The “Edge of Possible” Qualcomm’s First Advertising Campaign Aimed at Business Decision Makers
At the recent Qualcomm Snapdragon Tech Summit, I had the opportunity to sit down with Qualcomm's Chief Marketing Officer, Don McGuire, to discuss the impact 5G can have on society as well as the importance of marketing storytelling on technology. Last week I caught up with McGuire on a new marketing campaign Qualcomm just launched. Titled "The Edge of Possible," the campaign aims to humanize artificial intelligence (AI) and showcase its potential to improve people's lives. This is Qualcomm's first campaign targeted at business decision-makers and seeks to demonstrate the company's leadership in AI, particularly in on-device intelligence. Starring actor Michelle Yeoh (Crouching Tiger, Hidden Dragon, Memoirs of a Geisha and Everything, Everywhere ll at Once), the campaign will have three chapters that explore Qualcomm's story around the connected edge. This first chapter aims at humanizing AI and explaining the technology in relatable terms.
As Qualcomm diversifies its business and moves more into automotive, industrial Internet of Things (IoT), and smart cities, its audience is shifting from consumers and telcos to business decision-makers in enterprises, regulators and investors. "This is the first time we focus on Qualcomm's brand, innovation story, ecosystem reach and leadership in the connected edge. And we wanted to have a familiar face and voice and someone who we believe aligns really well with the brand," says McGuire. In order to humanize AI, it was important for Qualcomm to make the campaign relatable by having a real person rather than just using CGI or a voice over and Michelle Yeoh was just the perfect choice. She is an expert in martial arts. She has been in very tech-forward movies like her latest "Everything, Everywhere All at Once" centered around a multiverse.
Yeoh, like Qualcomm, has been in business for many years and yet, at the age of 60, she is on the rise with an Academy Award nomination, which, as a woman in ageist Hollywood, is no small thing. Yeoh was not familiar with the Qualcomm brand but got excited about getting involved. In a prepared remark, she said: "This project with Qualcomm opened my eyes to what's possible, as the AI technologies that make our smartphones smart are put into all kinds of devices, from cars to VR glasses and so much more. AI is transforming industries, including my own. This technology is changing the way we make films or even view them. It's so exciting to see the social and cultural impact these kinds of technologies can have for people around the world."
The campaign was built around Yeoh's personality and career, like the reference to her Star Trek role: "Not everyone can sit in the captain chair," to add more authenticity to her voice. This first segment of the campaign plays like a short when watched in its entirety. Still, it will be divided into shorter vignettes focused on different industries to reach a broader audience. I found the entire video, which will live on the Qualcomm website, to provide a good set of implementation examples that do not oversell AI but clearly highlight how businesses and lives will be impacted by it.
The timing and the message are important for Qualcomm because of the business diversification but also because the focus on 5G for the past few years has detracted from the overall Qualcomm brand strength and narrowed the value of the company to equate to 5G when of course the impact Qualcomm can have as a technology enabler is both broader and more critical. "Aside from the value of AI, we want this campaign to underline how, as a company, Qualcomm can combine low-power high-performance computing with the best in class connectivity and on-device intelligence to deliver a solution. These are the conversations we want to have with business decision-makers," says McGuire. What is critical here is that, like 5G, AI is a horizontal enabler that offers Qualcomm a sizable opportunity for the future.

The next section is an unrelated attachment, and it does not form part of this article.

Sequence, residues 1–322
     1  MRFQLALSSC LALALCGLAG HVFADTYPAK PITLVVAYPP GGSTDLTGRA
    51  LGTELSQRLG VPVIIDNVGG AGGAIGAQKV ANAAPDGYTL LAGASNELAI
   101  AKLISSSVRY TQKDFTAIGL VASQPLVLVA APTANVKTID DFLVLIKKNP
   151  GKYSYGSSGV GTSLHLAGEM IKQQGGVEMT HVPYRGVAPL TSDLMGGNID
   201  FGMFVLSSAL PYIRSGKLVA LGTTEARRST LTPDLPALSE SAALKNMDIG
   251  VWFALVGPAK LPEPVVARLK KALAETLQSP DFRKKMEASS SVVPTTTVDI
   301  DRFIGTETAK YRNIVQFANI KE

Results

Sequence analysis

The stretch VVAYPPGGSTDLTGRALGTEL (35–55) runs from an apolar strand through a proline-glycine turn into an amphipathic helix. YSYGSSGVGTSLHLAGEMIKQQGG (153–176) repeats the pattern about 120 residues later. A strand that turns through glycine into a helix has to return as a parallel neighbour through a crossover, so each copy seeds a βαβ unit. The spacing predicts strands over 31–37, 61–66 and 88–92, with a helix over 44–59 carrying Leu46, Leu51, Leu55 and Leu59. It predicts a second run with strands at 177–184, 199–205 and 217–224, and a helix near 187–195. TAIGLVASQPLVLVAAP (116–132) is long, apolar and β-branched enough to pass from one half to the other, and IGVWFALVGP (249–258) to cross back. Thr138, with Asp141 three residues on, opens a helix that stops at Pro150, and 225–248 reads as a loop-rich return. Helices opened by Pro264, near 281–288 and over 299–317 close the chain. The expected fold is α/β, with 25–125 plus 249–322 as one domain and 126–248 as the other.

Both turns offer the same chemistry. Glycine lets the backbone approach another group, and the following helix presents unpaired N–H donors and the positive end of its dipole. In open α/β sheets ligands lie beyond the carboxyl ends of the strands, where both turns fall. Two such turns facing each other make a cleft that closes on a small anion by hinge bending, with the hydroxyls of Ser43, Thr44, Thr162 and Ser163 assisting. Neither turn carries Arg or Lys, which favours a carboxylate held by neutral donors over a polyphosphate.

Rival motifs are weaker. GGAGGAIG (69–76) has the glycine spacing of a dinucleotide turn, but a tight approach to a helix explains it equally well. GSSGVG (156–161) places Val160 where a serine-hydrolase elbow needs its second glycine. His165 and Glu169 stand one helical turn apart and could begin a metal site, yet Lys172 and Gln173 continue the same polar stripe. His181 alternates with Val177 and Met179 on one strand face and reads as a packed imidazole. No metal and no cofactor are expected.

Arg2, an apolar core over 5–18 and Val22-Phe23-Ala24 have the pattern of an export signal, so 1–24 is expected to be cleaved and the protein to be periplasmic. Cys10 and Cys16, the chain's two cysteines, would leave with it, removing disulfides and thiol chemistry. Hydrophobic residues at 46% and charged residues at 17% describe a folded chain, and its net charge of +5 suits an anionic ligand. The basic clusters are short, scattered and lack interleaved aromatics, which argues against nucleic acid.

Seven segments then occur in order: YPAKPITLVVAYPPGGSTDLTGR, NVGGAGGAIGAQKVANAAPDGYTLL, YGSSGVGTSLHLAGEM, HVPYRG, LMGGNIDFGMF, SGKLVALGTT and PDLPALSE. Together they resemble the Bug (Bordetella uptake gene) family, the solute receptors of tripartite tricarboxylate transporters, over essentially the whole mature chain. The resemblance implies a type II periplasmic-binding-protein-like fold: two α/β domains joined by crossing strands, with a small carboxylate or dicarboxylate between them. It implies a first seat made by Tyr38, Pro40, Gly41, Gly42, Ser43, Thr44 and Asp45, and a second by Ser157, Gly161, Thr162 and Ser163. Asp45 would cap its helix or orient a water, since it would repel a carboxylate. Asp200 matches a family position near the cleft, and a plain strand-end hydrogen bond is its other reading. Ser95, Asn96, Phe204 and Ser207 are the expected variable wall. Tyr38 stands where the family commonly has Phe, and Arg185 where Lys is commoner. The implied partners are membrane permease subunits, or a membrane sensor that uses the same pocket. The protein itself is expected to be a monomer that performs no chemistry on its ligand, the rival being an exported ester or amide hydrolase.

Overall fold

While the long-term opportunity is clear, it is hard to think about this campaign and ignore the current political climate. As a CMO, McGuire is no stranger to tightening the belt in times of economic downturn, as marketing is usually the first item on the list to have to spend scrutinized. "I am fortunate to have a CEO, Cristiano Amon, who believes in the power of storytelling and has been very supportive of my strategy since I became CMO. That said, we are in a volatile economic environment and had to prioritize and focus," he said.
Such a prioritization might also produce a more explicit message for the audiences Qualcomm is trying to reach. McGuire said: "It drives discipline and helps us with optimization, with internal efficiencies, and making sure that we're getting the most out of every dollar we spend. Prioritization also means we are ready to move in the second half of 2023 if the economic environment does improve as the industry is expecting."
Overall, this campaign leads back to the discussion McGuire and I had at a Snapdragon Summit. Gone are the days when talking about technology for technology's sake is enough. Instead, McGuire wants to shift from talking about the speeds and feeds to how technology works for the user, whether an individual or a business. In doing so, the storytelling highlights the experience and the emotional connection between the technology and its users. As we move into the world of AI, driving the value, making the technology more accessible and transparent and creating a connection will all help drive more trust, which in turn will drive adoption. Failing to see how marketing can be a way to build trust would be very shortsighted and not a mistake McGuire and Qualcomm are going to make.